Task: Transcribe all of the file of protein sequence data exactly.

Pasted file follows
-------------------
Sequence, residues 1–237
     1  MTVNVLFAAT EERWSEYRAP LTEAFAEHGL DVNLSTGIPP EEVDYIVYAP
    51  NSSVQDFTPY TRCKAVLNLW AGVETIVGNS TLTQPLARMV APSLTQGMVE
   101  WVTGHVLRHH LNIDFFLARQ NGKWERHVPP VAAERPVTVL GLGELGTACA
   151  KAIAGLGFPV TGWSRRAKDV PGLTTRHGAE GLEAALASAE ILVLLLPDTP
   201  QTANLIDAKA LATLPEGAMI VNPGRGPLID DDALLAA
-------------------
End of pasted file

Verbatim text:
Sequence, residues 1–237
     1  MTVNVLFAAT EERWSEYRAP LTEAFAEHGL DVNLSTGIPP EEVDYIVYAP
    51  NSSVQDFTPY TRCKAVLNLW AGVETIVGNS TLTQPLARMV APSLTQGMVE
   101  WVTGHVLRHH LNIDFFLARQ NGKWERHVPP VAAERPVTVL GLGELGTACA
   151  KAIAGLGFPV TGWSRRAKDV PGLTTRHGAE GLEAALASAE ILVLLLPDTP
   201  QTANLIDAKA LATLPEGAMI VNPGRGPLID DDALLAA